Ever since the MP3 file format gained traction as the medium of choice for music listeners, sharing music has become so easy and intuitive that it’s quite literally turned the industry inside out. From the early days of sites like Audiogalaxy (remember that?) and Napster, to the inevitable legitimising of music streaming and downloads through iTunes, SoundCloud and the like, digital music was far more convenient than physical media. Now that digital DJing is the norm and not the exception, recording and sharing your mixes online has become an essential part of self-promotion, as well as a great way to keep them stored and accessible.
With all the copyright drama surrounding SoundCloud, there’s no shortage of people screaming “try this site!”, “try that site!”. It’s all well and good taking anecdotal suggestions from the internet, but how about a good old-fashioned group test from your favourite DJ technology site (that’s us, by the way)?
We DJs need somewhere to stick our music, whether it be mashups mixes or regular podcasts. But apart from the tried and tested SoundCloud, are the other services worth using?
But what do we measure?
There are a lot of things we all judge websites on that are personal preferences, but there are plenty of real, quantifiable points we can look at. This group test takes a mixture of both and take a pragmatic, practical look at how useful each service will generally be to DJs, whether bedroom or professional.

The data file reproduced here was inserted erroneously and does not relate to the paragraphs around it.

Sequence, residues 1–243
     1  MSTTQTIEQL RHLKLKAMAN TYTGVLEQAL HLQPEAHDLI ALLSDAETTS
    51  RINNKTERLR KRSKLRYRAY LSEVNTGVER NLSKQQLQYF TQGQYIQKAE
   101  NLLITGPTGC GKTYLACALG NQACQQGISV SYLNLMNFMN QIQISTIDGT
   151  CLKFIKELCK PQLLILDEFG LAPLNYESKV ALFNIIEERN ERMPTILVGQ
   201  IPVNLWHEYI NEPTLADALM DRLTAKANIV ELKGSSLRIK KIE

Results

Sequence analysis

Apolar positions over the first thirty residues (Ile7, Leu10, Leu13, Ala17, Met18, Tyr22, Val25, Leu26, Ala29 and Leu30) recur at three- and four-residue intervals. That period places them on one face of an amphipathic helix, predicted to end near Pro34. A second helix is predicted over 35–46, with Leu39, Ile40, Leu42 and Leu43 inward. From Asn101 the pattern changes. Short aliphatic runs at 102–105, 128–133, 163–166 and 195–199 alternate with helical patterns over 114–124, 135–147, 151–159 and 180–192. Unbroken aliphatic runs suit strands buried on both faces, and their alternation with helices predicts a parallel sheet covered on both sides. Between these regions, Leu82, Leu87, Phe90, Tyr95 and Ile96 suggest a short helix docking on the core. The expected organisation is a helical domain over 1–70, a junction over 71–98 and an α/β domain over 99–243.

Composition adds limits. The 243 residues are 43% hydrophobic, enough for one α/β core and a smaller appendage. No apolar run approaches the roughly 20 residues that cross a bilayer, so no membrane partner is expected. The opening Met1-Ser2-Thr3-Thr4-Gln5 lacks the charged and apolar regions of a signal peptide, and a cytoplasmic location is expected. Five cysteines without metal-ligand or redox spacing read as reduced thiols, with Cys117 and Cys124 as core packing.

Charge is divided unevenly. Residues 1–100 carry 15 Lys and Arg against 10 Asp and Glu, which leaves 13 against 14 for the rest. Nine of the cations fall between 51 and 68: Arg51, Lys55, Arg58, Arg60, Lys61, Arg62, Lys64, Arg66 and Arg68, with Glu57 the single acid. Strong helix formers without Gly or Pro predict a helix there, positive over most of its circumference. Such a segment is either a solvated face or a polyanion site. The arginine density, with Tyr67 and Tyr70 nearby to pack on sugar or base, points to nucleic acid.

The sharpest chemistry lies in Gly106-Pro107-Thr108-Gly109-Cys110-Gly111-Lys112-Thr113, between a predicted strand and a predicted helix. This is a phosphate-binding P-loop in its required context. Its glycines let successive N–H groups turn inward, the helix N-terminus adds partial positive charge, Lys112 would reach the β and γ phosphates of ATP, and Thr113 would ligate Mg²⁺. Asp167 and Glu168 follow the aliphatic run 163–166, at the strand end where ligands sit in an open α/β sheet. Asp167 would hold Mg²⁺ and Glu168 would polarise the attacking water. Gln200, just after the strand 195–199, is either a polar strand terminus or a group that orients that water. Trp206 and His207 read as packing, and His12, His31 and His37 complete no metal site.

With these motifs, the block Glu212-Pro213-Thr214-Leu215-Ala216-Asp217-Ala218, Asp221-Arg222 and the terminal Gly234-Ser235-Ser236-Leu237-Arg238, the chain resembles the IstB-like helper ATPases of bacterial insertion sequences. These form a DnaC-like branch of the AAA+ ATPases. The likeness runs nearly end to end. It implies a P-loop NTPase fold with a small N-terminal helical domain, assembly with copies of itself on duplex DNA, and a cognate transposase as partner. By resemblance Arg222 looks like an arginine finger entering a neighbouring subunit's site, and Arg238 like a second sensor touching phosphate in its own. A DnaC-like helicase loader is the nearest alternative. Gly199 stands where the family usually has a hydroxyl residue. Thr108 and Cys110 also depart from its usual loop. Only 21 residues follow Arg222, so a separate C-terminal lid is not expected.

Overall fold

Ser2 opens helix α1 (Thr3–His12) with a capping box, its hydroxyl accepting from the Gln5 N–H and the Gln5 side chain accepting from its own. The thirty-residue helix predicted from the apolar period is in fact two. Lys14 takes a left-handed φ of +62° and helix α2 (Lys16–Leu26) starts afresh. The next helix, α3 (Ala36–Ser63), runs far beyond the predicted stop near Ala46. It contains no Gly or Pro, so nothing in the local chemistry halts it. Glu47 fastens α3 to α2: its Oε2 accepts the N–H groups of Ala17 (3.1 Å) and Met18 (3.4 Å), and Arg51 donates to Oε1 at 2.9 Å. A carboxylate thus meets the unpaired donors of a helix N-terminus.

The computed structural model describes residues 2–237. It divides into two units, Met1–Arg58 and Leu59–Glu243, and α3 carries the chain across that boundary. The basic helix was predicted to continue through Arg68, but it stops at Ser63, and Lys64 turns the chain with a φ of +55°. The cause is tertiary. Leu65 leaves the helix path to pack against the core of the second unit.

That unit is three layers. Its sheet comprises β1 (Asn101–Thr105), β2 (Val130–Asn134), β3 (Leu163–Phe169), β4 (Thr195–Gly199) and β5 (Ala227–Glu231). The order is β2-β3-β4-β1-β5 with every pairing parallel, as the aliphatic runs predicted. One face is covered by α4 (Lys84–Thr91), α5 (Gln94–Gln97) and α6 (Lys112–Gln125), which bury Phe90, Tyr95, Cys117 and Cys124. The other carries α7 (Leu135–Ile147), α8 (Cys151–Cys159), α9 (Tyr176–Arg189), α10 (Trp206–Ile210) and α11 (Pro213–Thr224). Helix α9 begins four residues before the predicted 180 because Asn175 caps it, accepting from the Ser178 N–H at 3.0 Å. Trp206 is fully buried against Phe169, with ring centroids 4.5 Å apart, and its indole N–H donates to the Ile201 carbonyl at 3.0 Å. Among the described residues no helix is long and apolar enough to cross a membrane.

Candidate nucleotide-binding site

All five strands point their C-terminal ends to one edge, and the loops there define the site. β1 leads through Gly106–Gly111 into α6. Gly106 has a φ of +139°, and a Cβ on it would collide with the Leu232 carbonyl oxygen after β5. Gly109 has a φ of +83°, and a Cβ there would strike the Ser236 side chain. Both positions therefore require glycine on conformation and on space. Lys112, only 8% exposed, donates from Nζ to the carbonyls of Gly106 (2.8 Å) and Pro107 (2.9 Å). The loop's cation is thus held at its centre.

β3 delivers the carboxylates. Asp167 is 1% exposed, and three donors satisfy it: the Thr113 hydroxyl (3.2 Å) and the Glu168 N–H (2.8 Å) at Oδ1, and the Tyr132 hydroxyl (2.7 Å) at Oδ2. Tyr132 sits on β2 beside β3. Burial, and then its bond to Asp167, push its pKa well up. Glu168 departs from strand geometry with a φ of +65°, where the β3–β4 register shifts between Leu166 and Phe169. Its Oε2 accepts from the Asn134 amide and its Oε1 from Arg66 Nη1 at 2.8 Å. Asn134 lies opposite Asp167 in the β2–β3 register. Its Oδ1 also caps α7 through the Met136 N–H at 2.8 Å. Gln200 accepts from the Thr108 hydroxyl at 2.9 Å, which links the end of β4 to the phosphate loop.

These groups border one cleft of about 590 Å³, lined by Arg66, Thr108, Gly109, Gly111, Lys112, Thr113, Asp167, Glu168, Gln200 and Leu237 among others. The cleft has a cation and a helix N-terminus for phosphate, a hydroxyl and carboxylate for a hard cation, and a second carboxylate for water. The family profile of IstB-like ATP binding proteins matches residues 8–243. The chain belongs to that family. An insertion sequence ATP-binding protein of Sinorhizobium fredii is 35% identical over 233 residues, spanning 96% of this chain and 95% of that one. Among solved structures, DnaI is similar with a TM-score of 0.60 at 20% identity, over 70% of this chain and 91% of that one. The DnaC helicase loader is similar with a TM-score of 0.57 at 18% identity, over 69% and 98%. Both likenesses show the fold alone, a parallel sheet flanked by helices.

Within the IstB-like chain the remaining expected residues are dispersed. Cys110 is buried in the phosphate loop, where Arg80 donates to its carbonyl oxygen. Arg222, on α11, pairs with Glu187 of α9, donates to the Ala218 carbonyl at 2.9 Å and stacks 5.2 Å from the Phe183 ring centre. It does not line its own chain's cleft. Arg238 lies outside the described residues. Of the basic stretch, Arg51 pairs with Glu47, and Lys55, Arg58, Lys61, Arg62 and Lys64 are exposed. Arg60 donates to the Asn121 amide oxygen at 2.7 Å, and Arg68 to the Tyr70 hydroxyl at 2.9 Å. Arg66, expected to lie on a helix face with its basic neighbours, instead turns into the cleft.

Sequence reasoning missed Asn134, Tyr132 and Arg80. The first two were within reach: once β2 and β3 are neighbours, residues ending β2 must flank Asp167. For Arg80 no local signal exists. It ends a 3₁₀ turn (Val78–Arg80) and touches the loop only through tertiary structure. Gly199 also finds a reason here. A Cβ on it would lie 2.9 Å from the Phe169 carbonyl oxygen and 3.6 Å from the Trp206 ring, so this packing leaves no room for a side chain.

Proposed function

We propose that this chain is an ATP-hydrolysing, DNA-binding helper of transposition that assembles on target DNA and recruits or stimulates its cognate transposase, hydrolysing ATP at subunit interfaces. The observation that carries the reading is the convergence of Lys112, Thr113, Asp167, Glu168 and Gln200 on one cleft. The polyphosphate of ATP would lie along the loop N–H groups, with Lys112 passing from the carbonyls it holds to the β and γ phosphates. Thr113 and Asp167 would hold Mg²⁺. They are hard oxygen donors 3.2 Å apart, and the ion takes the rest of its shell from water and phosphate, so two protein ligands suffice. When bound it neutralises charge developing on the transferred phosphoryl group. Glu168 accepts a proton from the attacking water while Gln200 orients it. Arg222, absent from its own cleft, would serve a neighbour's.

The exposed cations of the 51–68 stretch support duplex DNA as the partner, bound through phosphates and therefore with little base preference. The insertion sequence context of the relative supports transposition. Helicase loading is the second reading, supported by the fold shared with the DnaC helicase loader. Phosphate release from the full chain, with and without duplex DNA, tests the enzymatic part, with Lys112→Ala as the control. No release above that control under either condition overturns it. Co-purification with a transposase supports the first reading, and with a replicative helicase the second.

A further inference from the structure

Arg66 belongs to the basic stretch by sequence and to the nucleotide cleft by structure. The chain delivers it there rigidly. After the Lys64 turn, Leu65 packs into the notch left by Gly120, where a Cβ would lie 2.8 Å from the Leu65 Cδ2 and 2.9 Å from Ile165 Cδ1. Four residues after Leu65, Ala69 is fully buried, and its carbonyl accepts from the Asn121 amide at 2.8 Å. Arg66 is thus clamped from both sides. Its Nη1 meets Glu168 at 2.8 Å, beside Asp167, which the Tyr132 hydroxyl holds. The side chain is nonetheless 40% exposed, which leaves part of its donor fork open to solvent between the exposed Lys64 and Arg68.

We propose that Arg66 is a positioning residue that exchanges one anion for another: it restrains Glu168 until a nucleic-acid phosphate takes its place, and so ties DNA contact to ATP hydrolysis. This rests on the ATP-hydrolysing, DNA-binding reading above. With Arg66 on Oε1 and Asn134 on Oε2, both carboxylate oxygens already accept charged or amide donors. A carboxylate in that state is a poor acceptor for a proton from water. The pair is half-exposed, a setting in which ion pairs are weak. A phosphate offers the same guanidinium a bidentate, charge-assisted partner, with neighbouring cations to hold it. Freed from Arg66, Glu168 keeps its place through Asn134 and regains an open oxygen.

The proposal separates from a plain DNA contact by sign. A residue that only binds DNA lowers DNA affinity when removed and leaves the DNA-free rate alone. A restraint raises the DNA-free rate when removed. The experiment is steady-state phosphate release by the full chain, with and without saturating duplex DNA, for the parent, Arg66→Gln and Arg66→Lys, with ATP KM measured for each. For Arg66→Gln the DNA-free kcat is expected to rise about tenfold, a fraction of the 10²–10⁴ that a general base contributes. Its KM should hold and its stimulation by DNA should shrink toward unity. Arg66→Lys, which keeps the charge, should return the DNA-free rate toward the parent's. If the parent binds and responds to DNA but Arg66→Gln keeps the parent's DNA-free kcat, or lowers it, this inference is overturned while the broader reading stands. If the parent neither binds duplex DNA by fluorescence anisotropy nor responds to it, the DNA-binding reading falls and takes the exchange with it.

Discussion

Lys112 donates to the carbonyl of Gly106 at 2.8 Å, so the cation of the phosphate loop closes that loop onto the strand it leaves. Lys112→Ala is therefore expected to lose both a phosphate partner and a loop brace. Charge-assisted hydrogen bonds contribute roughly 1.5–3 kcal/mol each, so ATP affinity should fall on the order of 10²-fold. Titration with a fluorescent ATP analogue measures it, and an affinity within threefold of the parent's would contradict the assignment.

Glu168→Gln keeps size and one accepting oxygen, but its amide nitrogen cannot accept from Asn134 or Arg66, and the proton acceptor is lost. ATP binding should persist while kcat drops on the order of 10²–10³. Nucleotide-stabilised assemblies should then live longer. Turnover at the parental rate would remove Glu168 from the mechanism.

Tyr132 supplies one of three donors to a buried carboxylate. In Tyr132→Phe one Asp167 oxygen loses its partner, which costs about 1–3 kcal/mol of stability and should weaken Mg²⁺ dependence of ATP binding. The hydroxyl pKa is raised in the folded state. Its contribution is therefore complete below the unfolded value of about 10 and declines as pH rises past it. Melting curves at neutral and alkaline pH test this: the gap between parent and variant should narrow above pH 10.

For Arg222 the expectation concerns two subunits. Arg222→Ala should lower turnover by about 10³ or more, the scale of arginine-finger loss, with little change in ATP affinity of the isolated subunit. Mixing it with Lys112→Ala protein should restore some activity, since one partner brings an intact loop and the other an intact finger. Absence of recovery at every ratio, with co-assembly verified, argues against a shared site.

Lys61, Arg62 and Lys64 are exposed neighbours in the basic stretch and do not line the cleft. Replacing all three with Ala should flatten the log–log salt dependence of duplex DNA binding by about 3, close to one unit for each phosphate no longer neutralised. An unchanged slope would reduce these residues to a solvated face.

I’m going to use SoundCloud as a sort of baseline to compare from, as that’s been the service in the spotlight the most, for better or worst. That said, each service will be looked at individually, offering up information on the following criteria:
Cost – is there a free version? What do you get when you pay?
Limitations (if any) – what can and can’t you do with the service?
Interface/brandability – How much can you make your account your own?
Audio quality – Are you files transcoded before they can be streamed? Are downloadable files the same as uploaded?
The bottom line – How do I feel about the site? What are the takeaways?
UK-based site Mixcloud differed itself from Soundcloud when it launched by aiming squarely at the radio/DJ mix market, with only a streaming option. You can tag music in your mix by uploading a playlist and let users know if it’s a talk show or just a mix.
Basic account is free, with as many uploads (and of any size) as you want. This version has ads and site take-overs. They can sometimes be a little intrusive, but the site is still easily useable.